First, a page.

With the 2017 Berlin Gallery Weekend on the doorstep, the German capital’s art world is about to be filled with what it lacks the most: money, collectors, and a little glamour. Forty seven galleries officially participate in the event, but of course, most of the other spaces, commercial or not, plan their openings, happenings and dinner-things during the same days. And what can I expect of it this year, you might ask. Here’s a selection of peculiarities, exhibitions and situations you will for sure encounter.
Good photography by Viktoria Binschtok at Galerie Klemm’s
With their exhibition of works by German photographer Viktoria Binschtok, Klemm’s will probably reward us once again with a thoughtful and hot photography show. In her ongoing “Cluster” series, the artist inputs her own work into search engines; she then re-stages, manipulates and ultimately appropriates the related images generated by Google & co., combining them into assemblages that address individuality, sovereignty within the digital and authorship – all of this without pretentiousness or elitism.
Slouchy beige trench-coats
This item of clothing has been on a steady rise for a some months now. During GW, for sure you will at some point feel like you’re drowning in oversized, slightly deconstructed versions of Colombo’s trademark coat. Best combined with the now insufferable tote bag, a pair of dirty sneakers, your unemployed uncle’s track-suit and skepticism towards the gallery system (aka capitalism), it should both communicate a fondness for retro TV detectives and the oeuvre of Chris Kraus.
Small formats, big effects with Iulia Nistor at Galeria Plan B
Plan B, a gem among Berlin’s mid-size galleries, decided to give its desirable gallery weekend spot to the young painter Iulia Nistor. The artist focuses on small formats, a muted palette and forms reminding of body parts and crushed crustaceans alike. Perhaps like no other gallery in the city, Plan B manages to showcase artists such as Nistor, capable of capturing both the elegance and gloominess of human nature, a combo that feels familiar to many of us, especially those using Berlin public transport regularly. Also, gallery personnel is extremely friendly and always ready to explain what’s on view, so every visit to the Potsdamer Straße backyard the gallery’s located in is worth it.
Shady people for amusement
In usual times, understatement and brutal honesty are two defining characteristics of Berlin and its inhabitants. But gallery weekend isn’t the usual, so here’s a fun tip: for entertainment purposes, take a chance and engage in a conversation with the shadiest person in the room. Inevitably and with bountiful amounts of faux detachment, they will tell you dubious stories about the trillion famous and talented people they’re intimate with. Their features include suits that just don’t fit right, a propensity for talking about artists using their first name only and fresh business cards distributed more generously than tres leches cake at a Quinceañera.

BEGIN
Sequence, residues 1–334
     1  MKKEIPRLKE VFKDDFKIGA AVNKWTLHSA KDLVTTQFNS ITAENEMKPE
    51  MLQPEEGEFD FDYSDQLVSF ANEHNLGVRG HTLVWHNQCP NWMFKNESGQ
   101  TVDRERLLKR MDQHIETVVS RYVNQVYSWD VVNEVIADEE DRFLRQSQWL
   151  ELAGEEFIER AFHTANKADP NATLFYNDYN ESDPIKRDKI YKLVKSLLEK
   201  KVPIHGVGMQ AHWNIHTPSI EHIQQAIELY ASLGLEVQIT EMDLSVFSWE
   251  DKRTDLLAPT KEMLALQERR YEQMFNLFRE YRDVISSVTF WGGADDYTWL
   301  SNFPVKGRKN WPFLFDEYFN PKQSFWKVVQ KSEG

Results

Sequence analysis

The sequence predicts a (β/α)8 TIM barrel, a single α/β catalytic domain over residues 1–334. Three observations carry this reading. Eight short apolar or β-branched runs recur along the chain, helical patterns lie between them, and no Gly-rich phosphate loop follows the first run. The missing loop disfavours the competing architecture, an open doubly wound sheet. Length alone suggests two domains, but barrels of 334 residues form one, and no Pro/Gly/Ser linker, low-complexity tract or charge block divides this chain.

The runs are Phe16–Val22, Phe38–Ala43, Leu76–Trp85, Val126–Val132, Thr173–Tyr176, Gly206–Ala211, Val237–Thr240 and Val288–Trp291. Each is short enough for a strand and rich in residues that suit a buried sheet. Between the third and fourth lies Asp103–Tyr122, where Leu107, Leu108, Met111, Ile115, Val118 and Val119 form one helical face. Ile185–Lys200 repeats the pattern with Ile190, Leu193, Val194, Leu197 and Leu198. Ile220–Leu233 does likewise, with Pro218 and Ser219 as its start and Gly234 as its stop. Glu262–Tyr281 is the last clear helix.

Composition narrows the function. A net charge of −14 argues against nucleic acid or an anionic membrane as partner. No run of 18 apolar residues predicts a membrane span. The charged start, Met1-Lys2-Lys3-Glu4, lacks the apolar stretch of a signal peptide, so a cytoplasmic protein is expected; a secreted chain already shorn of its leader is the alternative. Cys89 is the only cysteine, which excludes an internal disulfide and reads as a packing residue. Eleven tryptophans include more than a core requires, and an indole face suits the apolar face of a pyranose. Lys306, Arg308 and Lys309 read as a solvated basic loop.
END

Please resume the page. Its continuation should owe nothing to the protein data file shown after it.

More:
Female power, at least a little bit
Next to Klemm’s and Plan B, other galleries have decided to give young female artists a platform to show their work during that busy weekend. Pamela Rosenkranz’s sensory experimentations at Sprüth Magers, Guan Xiao’s reflections on urban environments at Kraupa Tuskany-Zeidler and Kasia Fudakowski’s humorous (de)constructions of the binary at Chertlüdde will probably be highlights; at non-participating galleries, we’re looking forward to Grace Weaver at Soy Capitan, Jasmin Werner at Gillmeier Rech (which already opened April 22) and Micah Hesse at Neumeister Bar-Am.
You might actually not give a damn about not attending that bespoke dinner with blue-chip collectors at some chic, not-yet vandalised restaurant in Kreuzberg. But believe me, there’s a whole lot of other things you’ll feel like you cannot miss under any circumstance, but inevitably will. Performances by under-the-radar Nicaraguan artist twins, supremely cool parties in unreachable locations everybody seems to be at, some group show that wasn’t advertised anywhere but is apparently the single best thing everybody has seen in a decade, a coffee date with your amazing friend you haven’t met for much too long… Your gut will hurt at the though of all the wonderful aspects of Gallery Weekend you’ve failed to experience. Don’t take it too seriously: there’s still Snapchat and IG stories to catch up on trendier people’s lives while you’re sweating out cheap vodka in the waiting area at Schönefeld Airport, or you can see all of that for a couple of weeks after gallery weekend anyway, if you live in town.